Commission economist urges State to use windfall to cut debt
The European Commission has added its weight to calls for the State to use any windfall tax revenues to cut debts, on the same day that the Irish Fiscal Advisory Council (IFAC) issued a report criticising the Government's budget management.
Carlos Martínez Mongay, the deputy director-general of economic and financial affairs at the European Commission, told a conference in Dublin yesterday that the State also needed to crack down on the use of its tax system by companies to facilitate what he called "aggressive tax planning".
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While the Commission's assessment of the Irish economy and of measures to reduce debt was generally positive, Mr Mongay said the country was vulnerable to sudden shocks from the global economy. He cautioned that its overdependence on a small number of companies currently paying record amounts of taxes meant that finances needed to be shored up.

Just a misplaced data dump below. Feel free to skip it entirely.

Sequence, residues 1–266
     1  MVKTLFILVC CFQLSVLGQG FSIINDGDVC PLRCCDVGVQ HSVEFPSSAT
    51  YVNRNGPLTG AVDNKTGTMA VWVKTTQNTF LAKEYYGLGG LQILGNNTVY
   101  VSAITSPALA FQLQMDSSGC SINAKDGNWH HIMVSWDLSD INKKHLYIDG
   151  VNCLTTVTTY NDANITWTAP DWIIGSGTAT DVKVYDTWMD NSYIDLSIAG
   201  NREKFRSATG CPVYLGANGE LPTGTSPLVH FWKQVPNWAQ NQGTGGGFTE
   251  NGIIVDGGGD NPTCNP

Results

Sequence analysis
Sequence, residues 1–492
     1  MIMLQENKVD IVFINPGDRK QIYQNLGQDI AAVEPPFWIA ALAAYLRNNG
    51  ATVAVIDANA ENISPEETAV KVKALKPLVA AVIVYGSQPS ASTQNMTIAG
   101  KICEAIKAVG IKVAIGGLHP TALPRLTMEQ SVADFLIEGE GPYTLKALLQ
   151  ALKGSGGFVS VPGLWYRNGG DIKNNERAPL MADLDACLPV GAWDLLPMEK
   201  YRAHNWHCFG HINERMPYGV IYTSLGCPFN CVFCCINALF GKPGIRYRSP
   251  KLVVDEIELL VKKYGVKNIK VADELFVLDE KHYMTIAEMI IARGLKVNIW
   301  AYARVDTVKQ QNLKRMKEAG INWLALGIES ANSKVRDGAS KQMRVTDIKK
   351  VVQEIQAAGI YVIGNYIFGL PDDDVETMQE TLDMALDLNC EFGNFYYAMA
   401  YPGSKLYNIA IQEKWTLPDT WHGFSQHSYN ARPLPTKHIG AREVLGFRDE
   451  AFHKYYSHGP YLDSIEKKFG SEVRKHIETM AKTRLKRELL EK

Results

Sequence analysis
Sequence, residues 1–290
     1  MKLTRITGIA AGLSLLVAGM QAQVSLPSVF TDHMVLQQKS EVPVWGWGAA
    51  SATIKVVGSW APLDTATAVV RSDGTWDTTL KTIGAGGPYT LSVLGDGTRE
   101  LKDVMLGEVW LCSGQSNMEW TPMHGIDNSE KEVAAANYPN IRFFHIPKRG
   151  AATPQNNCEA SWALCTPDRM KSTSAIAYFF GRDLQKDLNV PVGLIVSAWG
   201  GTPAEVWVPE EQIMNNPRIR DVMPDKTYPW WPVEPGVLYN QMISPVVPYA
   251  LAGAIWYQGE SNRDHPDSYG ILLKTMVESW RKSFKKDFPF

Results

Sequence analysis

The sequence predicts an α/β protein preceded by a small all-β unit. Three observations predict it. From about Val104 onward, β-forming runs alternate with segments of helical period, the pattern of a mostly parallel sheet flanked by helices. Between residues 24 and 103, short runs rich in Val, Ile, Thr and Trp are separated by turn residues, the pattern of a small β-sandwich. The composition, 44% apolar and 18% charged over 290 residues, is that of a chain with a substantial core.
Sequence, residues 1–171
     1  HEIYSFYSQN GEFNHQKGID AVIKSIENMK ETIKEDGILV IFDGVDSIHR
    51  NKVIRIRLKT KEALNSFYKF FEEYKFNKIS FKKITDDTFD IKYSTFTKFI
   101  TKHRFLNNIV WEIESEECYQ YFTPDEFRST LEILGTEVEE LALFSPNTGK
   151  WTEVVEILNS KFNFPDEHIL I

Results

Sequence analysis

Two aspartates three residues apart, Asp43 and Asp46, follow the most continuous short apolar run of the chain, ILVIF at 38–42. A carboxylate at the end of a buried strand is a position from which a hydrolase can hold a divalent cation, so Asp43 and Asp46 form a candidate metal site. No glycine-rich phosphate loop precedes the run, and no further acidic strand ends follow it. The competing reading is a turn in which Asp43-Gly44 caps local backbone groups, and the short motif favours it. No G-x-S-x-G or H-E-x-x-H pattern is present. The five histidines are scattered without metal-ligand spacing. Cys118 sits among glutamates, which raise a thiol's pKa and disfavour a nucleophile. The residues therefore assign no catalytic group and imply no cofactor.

"Given the downside risks of some sources of Government revenue, we consider that the Government should use any windfall revenues in order to accelerate the reduction of the general Government debt ratio," he told a conference organised by the Institute of International and European Affairs.
The report issued by IFAC recommended that any windfall revenues from company tax payments be put in a "prudence account" and not used to shore up day-to-day budget spending.